Sizing up personalities is easy. A rich vocabulary lets us distinguish between introverts and extroverts, optimists and pessimists, and so on.
When the conversation turns to corporate cultures, however, often we are at a loss for words. Our own company’s culture is familiar but hard to articulate; other organizations’ habits are as mysterious as they are powerful.
What we don’t know about business cultures can hurt us. If you wave goodbye to a familiar, highly idiosyncratic culture (such as General Electric or Nike) and jump into a bewildering alternative, you risk a gear-grinding failure. When academic researchers ask people why a new job didn’t work out, the top factors revolve around culture clashes. By contrast, finding the right cultural fit greatly improves your chances of a smooth transition and fulfilling work in the years to come.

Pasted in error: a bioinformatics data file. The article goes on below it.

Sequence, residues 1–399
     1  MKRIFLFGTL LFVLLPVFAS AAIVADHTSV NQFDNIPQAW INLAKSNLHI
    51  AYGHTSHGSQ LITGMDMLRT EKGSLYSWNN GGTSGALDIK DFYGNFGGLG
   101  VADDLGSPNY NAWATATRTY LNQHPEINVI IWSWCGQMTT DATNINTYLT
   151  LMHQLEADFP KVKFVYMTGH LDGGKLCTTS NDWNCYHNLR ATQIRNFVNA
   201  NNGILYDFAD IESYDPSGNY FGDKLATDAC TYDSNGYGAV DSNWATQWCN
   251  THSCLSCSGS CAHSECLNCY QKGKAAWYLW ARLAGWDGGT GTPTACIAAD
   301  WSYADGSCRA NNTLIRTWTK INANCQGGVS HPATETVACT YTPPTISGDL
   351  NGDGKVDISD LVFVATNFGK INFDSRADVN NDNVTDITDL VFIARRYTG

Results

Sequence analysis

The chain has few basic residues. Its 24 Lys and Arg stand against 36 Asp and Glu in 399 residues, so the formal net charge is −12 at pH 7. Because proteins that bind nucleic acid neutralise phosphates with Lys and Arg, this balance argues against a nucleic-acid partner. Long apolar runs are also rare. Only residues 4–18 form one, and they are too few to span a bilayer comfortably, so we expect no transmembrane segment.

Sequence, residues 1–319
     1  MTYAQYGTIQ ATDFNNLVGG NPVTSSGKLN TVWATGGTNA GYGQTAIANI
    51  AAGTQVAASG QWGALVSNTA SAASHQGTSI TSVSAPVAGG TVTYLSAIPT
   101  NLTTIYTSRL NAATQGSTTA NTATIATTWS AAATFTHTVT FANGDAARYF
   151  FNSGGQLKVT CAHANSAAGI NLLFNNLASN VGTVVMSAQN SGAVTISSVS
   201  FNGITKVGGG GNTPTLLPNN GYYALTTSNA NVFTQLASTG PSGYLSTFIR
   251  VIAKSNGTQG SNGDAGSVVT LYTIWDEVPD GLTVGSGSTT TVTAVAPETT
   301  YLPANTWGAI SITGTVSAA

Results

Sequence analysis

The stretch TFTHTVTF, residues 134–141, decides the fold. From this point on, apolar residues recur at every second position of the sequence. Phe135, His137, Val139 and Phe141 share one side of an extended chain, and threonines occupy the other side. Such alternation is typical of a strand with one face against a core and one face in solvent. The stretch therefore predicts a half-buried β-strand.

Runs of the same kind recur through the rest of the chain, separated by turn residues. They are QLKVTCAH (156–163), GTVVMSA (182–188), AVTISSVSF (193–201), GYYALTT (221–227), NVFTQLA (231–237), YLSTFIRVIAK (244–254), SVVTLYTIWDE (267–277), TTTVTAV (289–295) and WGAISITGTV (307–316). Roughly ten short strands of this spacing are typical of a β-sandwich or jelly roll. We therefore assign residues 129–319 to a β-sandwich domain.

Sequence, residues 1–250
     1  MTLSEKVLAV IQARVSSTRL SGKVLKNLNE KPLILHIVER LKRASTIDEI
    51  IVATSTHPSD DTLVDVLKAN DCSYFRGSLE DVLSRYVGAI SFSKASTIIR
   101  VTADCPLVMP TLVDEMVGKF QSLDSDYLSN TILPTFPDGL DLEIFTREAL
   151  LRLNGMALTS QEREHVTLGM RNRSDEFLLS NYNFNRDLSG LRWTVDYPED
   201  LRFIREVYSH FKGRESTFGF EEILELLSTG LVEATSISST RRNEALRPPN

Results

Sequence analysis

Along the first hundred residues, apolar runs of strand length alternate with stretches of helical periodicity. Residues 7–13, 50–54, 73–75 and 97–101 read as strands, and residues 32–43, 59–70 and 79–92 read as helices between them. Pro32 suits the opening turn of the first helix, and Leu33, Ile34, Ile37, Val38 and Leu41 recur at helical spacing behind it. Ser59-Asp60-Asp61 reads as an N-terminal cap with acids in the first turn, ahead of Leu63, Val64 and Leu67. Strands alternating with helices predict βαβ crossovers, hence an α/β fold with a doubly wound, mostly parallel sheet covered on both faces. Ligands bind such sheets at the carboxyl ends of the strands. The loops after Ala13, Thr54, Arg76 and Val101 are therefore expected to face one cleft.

So how can we size up companies with the same clarity that we apply to people? In recent months, I’ve been talking to business audiences in the U.S., England, and Scotland about ways to create something like a Myers-Briggs grid, pinpointing what’s distinctive about different organizations’ habits and values.